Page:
A Big Thumper of a Gun

Ron Spomer |

If you want to celebrate Winchester’s 150-year Anniversary and impress your friends as much as the deer, elk, bears and hogs you hunt, introduce all of them to your Winchester Model 1886 lever-action in .45-70 Govt.

The .45-70 Govt. is a big round, one of the last survivors of a bye-gone age but still a mighty thumper for close-range work on virtually any North American game. And Winchester’s M86 lever-action was created especially to handle it._mg_1047

Winchester lever-action rifles, for all their fame, dependability and popularity in the mid-1800s, were missing one important ingredient: power. The M1866 Yellow Boy and M1873 cycled plenty of mid-power .44 rounds, but were too short for longer, more energetic big game rounds like the .45-70 Govt. cartridge introduced in 1873. Even bigger black powder rounds like the various 50-caliber Sharps were preferred by buffalo hunters. They were shot through big, single-shot rifles. Winchester set out to build a lever-action repeater to handle them. And succeeded with the M86.

_mg_1057Winchester first entered this “big bore” market with its M1876. This was essentially an enlarged, beefier version of the M73, the Gun That Won the West. The M76 was initially chambered for the .45-70 Winchester Center Fire, a slightly shorter cartridge than the .45-70 Govt., but fatter and bottle-necked so it could generate the same velocities or slighter better with the same weight bullets. The M76 was eventually chambered for the .50-95 Express throwing a 300-grain bullet 1,550 fps. But bigger, more powerful rounds were on the horizon, and Winchester was gearing up to accommodate them.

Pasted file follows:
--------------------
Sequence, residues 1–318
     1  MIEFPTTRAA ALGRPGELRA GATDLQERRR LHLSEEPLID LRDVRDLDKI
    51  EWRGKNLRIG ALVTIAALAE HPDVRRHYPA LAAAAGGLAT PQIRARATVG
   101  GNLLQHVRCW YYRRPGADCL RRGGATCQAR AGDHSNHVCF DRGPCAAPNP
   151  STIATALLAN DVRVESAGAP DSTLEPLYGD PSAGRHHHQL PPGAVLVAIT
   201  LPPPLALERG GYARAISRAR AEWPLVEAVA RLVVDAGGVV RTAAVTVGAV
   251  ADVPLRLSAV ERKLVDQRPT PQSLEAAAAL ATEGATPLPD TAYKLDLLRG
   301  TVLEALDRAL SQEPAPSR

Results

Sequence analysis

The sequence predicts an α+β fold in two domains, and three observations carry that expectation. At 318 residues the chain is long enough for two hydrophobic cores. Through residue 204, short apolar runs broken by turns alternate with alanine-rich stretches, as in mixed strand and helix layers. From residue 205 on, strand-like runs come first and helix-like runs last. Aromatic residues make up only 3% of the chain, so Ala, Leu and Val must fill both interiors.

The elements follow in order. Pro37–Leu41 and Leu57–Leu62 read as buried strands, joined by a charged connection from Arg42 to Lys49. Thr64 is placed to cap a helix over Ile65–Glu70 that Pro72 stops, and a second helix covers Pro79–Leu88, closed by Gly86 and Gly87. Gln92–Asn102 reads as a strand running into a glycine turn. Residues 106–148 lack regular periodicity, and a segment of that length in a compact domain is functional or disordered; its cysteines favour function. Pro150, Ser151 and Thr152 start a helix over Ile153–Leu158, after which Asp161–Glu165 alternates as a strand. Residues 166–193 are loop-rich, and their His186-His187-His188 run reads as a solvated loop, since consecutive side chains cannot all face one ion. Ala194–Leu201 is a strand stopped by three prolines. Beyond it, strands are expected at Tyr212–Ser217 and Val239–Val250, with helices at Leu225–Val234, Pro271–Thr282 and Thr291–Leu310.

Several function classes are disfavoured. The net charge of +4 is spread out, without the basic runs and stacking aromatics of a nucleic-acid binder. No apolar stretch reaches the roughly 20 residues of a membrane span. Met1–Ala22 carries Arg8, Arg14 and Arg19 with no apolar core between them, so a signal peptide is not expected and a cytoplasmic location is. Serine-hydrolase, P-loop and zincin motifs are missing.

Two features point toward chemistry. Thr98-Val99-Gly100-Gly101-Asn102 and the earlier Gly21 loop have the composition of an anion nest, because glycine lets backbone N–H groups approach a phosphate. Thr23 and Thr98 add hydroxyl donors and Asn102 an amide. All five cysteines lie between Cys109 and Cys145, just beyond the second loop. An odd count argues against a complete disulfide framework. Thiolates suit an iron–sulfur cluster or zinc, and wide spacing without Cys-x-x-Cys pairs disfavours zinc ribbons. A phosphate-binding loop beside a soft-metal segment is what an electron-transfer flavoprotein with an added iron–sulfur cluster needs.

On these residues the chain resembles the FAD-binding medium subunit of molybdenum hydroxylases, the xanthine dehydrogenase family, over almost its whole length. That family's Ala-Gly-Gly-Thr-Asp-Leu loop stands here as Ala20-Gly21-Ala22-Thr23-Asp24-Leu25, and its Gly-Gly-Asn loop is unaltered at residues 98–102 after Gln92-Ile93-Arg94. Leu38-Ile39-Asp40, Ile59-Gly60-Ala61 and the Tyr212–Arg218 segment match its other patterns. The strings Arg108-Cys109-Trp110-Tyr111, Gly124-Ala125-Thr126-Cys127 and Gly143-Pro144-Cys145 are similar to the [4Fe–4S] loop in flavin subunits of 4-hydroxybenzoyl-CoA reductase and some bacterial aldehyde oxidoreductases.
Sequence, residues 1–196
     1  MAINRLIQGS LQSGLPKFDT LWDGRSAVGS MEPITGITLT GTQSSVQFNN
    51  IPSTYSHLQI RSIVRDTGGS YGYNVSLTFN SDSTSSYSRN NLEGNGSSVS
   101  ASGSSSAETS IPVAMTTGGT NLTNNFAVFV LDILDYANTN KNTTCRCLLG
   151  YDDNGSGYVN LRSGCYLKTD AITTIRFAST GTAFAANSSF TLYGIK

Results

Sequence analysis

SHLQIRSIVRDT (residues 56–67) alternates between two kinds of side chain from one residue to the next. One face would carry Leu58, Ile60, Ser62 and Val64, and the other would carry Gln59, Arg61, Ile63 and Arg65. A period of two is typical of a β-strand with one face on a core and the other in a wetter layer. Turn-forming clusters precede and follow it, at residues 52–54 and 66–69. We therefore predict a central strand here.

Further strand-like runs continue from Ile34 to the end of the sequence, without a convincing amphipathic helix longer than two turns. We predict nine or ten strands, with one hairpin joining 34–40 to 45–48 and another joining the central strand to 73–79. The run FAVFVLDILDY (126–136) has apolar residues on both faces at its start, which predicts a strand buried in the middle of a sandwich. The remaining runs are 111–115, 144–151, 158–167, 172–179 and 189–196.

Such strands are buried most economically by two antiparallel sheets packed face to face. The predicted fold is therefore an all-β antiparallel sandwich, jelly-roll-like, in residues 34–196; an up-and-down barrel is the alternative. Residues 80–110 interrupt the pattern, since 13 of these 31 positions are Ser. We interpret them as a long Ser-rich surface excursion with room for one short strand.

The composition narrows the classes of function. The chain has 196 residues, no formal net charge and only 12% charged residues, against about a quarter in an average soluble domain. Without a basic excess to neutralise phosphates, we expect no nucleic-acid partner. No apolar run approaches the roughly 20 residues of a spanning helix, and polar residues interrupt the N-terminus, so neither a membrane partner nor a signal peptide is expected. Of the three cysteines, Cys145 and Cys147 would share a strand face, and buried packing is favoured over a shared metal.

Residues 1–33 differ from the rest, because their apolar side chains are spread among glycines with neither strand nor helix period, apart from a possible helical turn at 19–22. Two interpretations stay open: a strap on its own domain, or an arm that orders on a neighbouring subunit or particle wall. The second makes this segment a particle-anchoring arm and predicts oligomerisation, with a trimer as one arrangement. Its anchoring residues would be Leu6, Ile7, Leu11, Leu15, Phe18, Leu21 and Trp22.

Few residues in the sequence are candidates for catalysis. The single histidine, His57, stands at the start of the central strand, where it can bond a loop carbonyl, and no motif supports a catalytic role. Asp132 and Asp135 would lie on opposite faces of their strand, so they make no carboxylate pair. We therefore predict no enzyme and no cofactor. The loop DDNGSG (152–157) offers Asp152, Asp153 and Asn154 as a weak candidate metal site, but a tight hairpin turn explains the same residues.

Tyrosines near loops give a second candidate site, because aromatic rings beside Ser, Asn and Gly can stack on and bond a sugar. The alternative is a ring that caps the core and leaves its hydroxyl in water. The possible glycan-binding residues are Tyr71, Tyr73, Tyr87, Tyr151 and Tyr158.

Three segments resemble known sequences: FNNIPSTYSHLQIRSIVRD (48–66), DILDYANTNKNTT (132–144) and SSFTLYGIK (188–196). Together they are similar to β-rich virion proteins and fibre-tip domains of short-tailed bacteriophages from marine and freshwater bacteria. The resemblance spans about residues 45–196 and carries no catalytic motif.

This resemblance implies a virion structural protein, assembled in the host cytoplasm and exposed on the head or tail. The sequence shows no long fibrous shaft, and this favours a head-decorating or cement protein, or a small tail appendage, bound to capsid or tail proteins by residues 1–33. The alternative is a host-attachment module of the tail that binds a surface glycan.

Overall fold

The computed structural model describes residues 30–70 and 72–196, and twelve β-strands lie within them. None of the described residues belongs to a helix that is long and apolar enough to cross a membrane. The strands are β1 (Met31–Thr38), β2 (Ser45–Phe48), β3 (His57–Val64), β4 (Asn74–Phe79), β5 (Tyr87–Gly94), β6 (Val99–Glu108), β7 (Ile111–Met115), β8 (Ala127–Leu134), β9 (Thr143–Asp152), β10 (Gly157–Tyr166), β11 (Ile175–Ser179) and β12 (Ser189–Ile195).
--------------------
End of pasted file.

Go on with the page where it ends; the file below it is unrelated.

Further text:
The big change came when Winchester teamed up with gun designer John Browning. This mechanical genius engineered a new locking system for lever actions that secured two big, steel bars into the bolt body. These locked in and safely contained significantly more pressures than the original, toggle-lever Winchesters could.

The all new Model 1886 was long and strong enough to more than handle the .45-70 Govt. Soon Winchester was chambering it for the .45-90 and eventually the monstrous .50-110 Winchester. When smokeless powder came along a few years later, the M86 proved more than strong enough to handle it. Within short order Winchester engineers had the 50-caliber M86 shooting 300 grain bullets to 2,225 fps, fast enough to churn out 3,298 foot pounds of energy.

In 1903 the M86 was reamed to accept the new .33 WCF, a bottlenecked cartridge more suitable for deer and elk. It tossed 200-grain bullets 2,200 fps.

Today Winchester Repeating Arms still builds its M86 in .45-70. Winchester Ammunition sells four different loads featuring four different bullets for it. Muzzle velocities are considerably faster than the old originals with a couple of 300-grain bullets departing the muzzle at 1,880 fps to crank up 2,354 foot-pounds of punch.

If you’re looking for a genuine, all-American, historic hunting rifle with a pedigree and the performance to match, look no further than the Winchester M1886 stuffed to the gills with Winchester .45-70 cartridges. You’ll be loaded for bear. And anything else the wilds can throw at you.